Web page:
Biologists at the University of Alberta accidentally stumbled upon a newly discovered cell property that could change the way scientists approach disease research and how we look for cures.
The study was published in early October in the Public Library of Science Biology, by evolutionary biologist Joel Dacks and his team of researchers. What Dacks and his co-authors found was a never before seen fifth avenue used by cells for moving materials and communicating with other parts of the cell and body. These pathways, called adaptins, are protein complexes that shuttle molecules, proteins, and other items around the cell; they are key to the operation of the many, many processes that keep our bodies up and running on a daily basis.
The biologists discovered this fifth pathway when performing research on a soil amoeba, a tiny one-celled organism. Dacks’ evolutionary biology scrutiny showed that the fifth adaptin exists in human cells, plant cells, and in amoebas, which means it evolved several billion years ago.
While Dacks’ evolutionary biology expertise was enough to date the adaptin, he needed the help of medical researcher Margaret Robinson at the University of Cambridge to investigate the implications of the adaptin for human health. Robinson’s work has shown that the functioning of the adaptin is directly related to some known hereditary diseases, such as spastic paraplegia, which eventually results in the loss of mobility.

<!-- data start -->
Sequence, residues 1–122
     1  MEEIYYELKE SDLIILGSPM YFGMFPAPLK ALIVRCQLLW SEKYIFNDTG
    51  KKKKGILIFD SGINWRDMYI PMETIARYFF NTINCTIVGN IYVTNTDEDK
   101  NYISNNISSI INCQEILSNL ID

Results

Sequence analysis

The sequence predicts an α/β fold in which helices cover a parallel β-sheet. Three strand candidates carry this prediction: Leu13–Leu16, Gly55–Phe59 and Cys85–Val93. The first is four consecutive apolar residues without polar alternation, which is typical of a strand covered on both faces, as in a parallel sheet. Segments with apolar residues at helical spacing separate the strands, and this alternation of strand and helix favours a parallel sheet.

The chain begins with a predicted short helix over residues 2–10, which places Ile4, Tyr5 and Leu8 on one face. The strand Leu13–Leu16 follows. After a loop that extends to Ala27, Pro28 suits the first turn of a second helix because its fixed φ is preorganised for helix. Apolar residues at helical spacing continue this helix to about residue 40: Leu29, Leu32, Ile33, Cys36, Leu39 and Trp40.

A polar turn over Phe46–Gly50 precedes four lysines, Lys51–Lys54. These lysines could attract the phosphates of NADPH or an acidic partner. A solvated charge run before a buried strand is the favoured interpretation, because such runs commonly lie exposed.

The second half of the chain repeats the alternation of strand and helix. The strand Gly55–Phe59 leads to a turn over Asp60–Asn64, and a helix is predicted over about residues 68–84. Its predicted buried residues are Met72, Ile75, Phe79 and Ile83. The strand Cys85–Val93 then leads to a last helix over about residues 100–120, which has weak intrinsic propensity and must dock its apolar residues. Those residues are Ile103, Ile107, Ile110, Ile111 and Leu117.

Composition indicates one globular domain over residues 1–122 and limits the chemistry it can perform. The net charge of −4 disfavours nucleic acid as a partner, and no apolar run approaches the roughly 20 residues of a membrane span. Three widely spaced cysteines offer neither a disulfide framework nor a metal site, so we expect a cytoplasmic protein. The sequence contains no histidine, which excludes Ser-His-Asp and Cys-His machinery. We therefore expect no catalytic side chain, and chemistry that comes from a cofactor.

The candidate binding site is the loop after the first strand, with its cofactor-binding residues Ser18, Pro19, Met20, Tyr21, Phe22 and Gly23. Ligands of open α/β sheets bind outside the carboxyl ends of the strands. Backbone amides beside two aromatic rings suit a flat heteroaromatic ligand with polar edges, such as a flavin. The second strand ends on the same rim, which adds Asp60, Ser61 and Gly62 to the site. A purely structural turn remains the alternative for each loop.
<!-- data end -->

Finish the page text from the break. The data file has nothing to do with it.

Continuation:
The discovery could drastically change the way scientists study the other adaptin pathways, and how they approach neurological disease research in general. As you may imagine, it would have been impossible for scientists to pinpoint the source of disease if they weren’t even aware of the existence of the pathway which regulated the processes involved in the disease. Additional research into the fifth adaptin could reveal information about diseases that have stumped scientists for decades, such as Alzheimer’s and Huntington’s Disease. The tragic effects of these neurological disorders and the previous lack of breakthrough science surrounding them further highlights the weight of this discovery.
Along with the processes regulated by the newly discovered fifth adaptin, scientists will also be able to use the discovery to further understand the other four adaptins and the processes they are involved in. Scientists will be able to have a better understanding of the hereditary and environmental factors involved in degenerative diseases, whose causes and risk factors have puzzled researches for some time now.